But it sure is easier to just blame the product or equipment or rocks than your own laziness or lack of understanding,etc....


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Old 12/07/2017, 12:03 PM   #18
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i did get dry rock when i start my tank, 1/2 dry 1/2 live, to be honest the dry rock after 6 months still having a lot of brow algae and white spots, i haven't see any good things from the dry rock, is cheaper but it take long time to cycle the tank. Ill say get some live rock, try craigslist or letgo, i got 120lbs of live rock for only $70, i find it on craigslist. i haven't see any bad creatures from the live rock.
Also i start with live sand, it had a little worms at the beginning but i have a purple dottyback and that guy is eating those worms, now i dont see any worm around.


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Old 12/07/2017, 12:03 PM   #19
Arcar
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Again the "problems" with dry rock are really because of one issue and if anything else related to dry rock is "user error" and you can have bound phosphate issues in live rock too so its really not related to dry rock at all..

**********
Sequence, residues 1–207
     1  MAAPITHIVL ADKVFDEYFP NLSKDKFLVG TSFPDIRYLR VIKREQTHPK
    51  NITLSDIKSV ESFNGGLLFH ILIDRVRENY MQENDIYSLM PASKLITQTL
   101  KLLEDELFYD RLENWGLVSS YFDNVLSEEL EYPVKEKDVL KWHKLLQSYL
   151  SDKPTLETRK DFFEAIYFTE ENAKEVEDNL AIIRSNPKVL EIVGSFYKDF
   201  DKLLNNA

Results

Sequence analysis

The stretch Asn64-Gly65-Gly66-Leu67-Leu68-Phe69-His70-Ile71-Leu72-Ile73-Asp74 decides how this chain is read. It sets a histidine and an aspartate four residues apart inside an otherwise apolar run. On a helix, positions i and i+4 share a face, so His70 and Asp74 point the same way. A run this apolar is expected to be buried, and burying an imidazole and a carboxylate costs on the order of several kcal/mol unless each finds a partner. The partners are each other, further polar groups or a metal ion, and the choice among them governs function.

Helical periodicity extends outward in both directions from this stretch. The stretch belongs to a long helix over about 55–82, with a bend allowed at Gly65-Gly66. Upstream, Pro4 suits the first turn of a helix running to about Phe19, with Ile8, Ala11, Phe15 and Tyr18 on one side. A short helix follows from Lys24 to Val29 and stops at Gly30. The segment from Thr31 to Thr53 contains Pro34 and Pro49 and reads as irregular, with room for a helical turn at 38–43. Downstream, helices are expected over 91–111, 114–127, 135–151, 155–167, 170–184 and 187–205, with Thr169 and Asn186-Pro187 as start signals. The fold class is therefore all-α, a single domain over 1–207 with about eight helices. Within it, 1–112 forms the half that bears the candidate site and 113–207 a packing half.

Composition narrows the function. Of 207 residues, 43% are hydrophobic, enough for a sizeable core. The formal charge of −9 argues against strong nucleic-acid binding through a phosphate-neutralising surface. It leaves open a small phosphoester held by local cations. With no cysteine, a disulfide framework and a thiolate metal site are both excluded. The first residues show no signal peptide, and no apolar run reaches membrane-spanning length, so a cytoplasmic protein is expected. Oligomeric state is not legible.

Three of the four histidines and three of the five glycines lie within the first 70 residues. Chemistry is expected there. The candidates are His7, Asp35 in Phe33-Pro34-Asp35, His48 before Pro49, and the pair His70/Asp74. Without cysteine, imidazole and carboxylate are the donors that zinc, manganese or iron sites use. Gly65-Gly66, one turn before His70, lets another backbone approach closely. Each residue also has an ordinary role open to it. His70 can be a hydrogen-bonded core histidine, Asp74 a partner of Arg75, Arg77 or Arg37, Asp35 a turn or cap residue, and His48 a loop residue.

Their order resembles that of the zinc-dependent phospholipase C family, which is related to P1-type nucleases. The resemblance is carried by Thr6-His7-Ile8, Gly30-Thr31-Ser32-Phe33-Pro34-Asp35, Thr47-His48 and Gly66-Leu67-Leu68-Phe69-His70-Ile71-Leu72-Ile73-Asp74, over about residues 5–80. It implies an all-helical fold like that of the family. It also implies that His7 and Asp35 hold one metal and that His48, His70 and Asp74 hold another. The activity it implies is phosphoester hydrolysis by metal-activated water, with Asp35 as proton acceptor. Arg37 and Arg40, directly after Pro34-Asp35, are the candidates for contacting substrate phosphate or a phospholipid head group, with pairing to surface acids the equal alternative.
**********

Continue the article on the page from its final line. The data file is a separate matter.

In general... I believe that most issues in this hobby are caused by "user error" typically due to lack of knowledge/understanding.. Few people take the time to learn properly before diving in and that applies to many things in life..

But it sure is easier to just blame the product or equipment or rocks than your own laziness or lack of understanding,etc....
Being blunt and having fun lol


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Old 12/07/2017, 08:08 PM   #20
jaking
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With my luck I would most likely fall into the user error category lol. I'm thinking of doing all dry rock except for a couple of pieces from a near by aquarium shop to help seed the dry...


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Old 12/08/2017, 01:11 PM   #21
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The dry pukani is really nice rock. Put it in a rubbermaid or brute can with saltwater heater and powerhead. Let it cycle and then check for phosphates. If it has high phosphates you have several options to treat it (water changes, GFO, lanthanum chloride and a skimmer). If you want to boost the life you can get a small amount of gulf rock that is shipped in water.

As far as sand, like others have said, I doubt much life is left in those bags of live sand. Use dry, rinse it well. You can add a handful of sand from someones tank for critters.